I enjoyed the link you posted tremendously. I'll tell you this, after twenty two years with NYCB: Most of the dancers treated their bodies with respect, or they didn't last long in performance at that level. You got all levels of personal morality, and yes, we had a few girls that were pretty trampy. They didn't last long performing at that level.

I had given a brief sketch of my day while performing earlier, but it was pretty disciplined. Most of us, regardless of our personal religious beliefs, led pretty spartan lives, and that included at least relative celibacy: We simply didn't have the energy to carry on like a bunch of party girls! Up around five AM to wake up, eat something, stretch, warm up, stretch some more, to the studio by 8 for company class, later in the day maybe acting classes (the bane of my existence,) physical therapy, class again to work on technique in a particular role, rehearsal, a nap, a small dinner (I became addicted to sushi!) back to the theater if there was a performance that night, and collapse by midnight. Not much time to be fooling around! We worked like horses.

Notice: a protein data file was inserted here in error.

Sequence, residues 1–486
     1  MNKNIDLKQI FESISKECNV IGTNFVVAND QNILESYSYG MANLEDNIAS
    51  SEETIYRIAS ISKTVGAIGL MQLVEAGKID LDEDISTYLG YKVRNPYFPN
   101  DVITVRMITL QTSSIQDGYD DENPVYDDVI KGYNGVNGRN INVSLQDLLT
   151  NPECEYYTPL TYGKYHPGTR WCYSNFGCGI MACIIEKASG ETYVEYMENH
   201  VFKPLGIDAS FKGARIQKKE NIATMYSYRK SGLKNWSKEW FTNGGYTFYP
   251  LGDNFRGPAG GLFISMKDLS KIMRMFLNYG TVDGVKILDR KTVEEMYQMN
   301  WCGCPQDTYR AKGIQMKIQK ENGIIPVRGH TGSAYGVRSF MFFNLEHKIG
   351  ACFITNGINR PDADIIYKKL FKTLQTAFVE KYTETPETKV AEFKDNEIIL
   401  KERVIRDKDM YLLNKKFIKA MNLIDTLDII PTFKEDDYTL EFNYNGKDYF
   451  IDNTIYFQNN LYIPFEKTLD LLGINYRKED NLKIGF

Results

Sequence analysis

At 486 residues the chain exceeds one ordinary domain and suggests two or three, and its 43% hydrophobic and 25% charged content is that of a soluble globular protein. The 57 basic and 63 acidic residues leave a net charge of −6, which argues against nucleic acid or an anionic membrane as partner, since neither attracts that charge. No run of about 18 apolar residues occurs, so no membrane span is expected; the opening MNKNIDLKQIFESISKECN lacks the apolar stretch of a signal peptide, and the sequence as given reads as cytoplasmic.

You encountered the occasional dancer who did the amphetamine-enforced starvation, and they usually ended up hospitalized, sometimes they ended up in the psych unit as well. A couple of famous principals went that route, particularly in the Balanchine days (thankfully, I came in after he was gone, he was a genius but also a bit insane.) When NYCB performers became unionized and workmen's compensation became a benefit, the thinking about what constituted an ideal dancer's body began to evolve as well. Sure, you encounter the ED types, but they don't last all that long, either. You need strength and energy to keep up this kind of schedule and this level of training, and the dance world is recognizing the fact. There aren't any short-cuts to achieving and maintaining the strength and stamina to be able to deliver a performance at this kind of level. That's just the plain facts.